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Re: low power PC

Miaoling Chiu wrote:
> I understand how to do downclocking by resetting
> jumpers. And I could install a LCD monitor, or
> just turn the monitor off when I'm away from the
> machine. What I don't understand though is how to
> power down a hard disk (or how to install without
> a hard disk). I've heard of people running Linux
> off a CD, floppy, zip or a ram disk, but seems to
> me like if would have to be a very minimalist
> system, and I don't know how you could run a
> server that way. But I'm open to any suggestion
> about how to cut power consumption to the
> bone. Any ideas? I don't need a very powerful
> server, but it should be capable of running
> Apache and Postfix all day - if that can be done
> without a hard disk, I'd appreciate some
> suggestions on how to set it up.
>  - Chiu Miaoling

Lots and lots of RAM. Find a motherboard that can hold a lot of RAM,
and fill it with all the maximum size DIMMs you can find. Then, on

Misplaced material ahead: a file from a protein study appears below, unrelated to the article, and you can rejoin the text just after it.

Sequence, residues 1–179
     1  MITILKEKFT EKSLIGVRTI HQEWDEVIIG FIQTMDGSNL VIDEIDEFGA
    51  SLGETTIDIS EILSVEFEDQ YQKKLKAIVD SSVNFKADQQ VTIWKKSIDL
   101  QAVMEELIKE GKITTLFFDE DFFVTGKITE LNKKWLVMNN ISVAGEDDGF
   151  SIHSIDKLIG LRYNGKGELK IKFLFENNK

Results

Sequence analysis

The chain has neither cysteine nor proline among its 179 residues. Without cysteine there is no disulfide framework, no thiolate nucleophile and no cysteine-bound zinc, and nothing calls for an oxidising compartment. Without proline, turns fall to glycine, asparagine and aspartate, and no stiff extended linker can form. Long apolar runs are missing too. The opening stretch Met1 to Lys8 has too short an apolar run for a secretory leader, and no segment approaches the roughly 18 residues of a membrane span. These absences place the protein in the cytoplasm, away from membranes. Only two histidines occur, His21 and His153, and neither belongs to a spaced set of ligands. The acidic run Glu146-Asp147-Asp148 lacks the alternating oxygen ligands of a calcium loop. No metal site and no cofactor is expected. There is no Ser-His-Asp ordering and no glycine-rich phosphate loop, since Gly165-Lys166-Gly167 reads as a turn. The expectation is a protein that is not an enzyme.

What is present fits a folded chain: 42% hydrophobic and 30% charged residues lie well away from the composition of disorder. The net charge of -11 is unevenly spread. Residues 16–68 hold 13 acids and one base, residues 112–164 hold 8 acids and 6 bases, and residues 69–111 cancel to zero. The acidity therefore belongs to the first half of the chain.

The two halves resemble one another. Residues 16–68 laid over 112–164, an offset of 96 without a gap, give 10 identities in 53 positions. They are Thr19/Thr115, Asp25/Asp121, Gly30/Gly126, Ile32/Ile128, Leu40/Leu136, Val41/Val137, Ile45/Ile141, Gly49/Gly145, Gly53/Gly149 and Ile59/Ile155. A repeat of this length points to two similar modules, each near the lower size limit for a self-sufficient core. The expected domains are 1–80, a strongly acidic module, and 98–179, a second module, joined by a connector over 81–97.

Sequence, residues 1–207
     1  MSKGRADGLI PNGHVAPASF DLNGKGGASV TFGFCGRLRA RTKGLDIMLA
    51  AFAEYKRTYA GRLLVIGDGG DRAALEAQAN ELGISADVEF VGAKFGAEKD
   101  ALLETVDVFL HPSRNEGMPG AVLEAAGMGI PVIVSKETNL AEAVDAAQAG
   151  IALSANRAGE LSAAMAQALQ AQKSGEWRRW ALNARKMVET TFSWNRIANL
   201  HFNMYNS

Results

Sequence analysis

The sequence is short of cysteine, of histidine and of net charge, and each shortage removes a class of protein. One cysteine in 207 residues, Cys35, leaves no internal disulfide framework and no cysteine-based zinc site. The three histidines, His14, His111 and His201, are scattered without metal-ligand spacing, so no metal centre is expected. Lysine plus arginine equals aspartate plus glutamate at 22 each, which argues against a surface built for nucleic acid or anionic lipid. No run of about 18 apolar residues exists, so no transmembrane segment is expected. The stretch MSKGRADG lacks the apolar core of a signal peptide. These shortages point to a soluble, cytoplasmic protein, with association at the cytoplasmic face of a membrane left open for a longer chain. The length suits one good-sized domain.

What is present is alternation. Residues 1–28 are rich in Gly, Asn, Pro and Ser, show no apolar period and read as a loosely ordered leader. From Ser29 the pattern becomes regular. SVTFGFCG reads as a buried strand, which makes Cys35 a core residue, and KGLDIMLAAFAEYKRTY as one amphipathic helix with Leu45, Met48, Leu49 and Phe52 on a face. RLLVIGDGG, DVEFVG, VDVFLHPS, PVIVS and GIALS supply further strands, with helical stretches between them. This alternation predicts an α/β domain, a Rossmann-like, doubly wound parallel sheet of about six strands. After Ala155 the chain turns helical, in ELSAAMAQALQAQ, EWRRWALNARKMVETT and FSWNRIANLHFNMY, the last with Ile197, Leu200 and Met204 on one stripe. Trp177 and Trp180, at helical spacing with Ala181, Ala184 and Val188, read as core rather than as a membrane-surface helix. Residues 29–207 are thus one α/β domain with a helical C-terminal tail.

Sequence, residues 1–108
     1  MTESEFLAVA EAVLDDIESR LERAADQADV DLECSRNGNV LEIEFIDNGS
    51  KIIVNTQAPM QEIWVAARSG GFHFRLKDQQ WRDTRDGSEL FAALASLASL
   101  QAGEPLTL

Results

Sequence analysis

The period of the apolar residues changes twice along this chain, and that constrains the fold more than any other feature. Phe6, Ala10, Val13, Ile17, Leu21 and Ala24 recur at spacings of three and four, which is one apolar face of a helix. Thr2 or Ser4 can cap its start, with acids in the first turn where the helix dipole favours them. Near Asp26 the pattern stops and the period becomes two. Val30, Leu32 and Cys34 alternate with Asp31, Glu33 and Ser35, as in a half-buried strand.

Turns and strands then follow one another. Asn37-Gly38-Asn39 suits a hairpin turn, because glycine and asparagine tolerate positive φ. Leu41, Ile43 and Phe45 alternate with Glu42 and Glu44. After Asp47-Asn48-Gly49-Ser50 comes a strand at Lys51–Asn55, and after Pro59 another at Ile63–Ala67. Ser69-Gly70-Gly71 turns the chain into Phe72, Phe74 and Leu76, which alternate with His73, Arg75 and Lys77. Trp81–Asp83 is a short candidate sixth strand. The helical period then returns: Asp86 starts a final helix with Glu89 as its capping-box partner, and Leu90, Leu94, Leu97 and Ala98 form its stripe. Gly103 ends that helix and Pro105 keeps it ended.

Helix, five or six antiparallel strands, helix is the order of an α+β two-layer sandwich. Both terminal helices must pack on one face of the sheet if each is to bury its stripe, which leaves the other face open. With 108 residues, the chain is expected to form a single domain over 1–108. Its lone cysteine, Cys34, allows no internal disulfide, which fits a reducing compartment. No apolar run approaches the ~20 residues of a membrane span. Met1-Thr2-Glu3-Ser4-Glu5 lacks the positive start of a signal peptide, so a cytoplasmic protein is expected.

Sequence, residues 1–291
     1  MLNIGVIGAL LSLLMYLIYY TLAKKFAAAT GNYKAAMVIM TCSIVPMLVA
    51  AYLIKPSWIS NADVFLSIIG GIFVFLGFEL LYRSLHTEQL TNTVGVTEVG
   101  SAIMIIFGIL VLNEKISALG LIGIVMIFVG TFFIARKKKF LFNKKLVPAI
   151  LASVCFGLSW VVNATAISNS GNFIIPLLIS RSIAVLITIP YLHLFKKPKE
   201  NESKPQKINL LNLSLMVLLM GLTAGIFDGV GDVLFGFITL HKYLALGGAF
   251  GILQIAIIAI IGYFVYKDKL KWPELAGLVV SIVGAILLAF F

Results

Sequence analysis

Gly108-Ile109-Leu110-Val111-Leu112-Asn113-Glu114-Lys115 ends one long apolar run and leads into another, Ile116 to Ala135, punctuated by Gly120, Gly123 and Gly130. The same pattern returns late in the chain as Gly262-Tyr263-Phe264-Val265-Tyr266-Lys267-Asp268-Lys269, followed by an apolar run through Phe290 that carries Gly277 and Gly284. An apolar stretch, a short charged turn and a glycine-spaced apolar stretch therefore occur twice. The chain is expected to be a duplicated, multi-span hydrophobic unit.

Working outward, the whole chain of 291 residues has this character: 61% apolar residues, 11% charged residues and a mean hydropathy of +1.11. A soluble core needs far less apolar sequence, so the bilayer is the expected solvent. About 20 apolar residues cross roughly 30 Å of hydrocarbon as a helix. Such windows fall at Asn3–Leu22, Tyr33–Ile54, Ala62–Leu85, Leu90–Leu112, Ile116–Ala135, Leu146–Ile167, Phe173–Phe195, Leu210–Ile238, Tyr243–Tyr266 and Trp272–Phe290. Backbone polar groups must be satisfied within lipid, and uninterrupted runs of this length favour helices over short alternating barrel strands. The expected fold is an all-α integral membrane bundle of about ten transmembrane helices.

boot, create a ramdisk and copy the critical bits to the ramdisk. But
if you make the ramdisk too large, you'll end up swapping to disk a
lot. So there's a balance to be had there. This is basically the
technique that a number of e-commerce sites use to improve
responsiveness of their systems. Just make sure you sync back to
physical disk from time to time. 

How busy is said server? If it has brief bits of activity, followed by
long idle spells, and you're in x86 land, you should be able to
twiddle the power management settings in your BIOS to control how
active the HDD (and other bits) are. I do this with one of my machines
at home. It's a little slow to wakeup, but once it does, it's very
responsive, and when I stop hitting it, it goes to sleep. 

Justin Wojdacki        
justin@chiplogic.com               (408) 350-5032
Communications Processors Group -- Analog Devices

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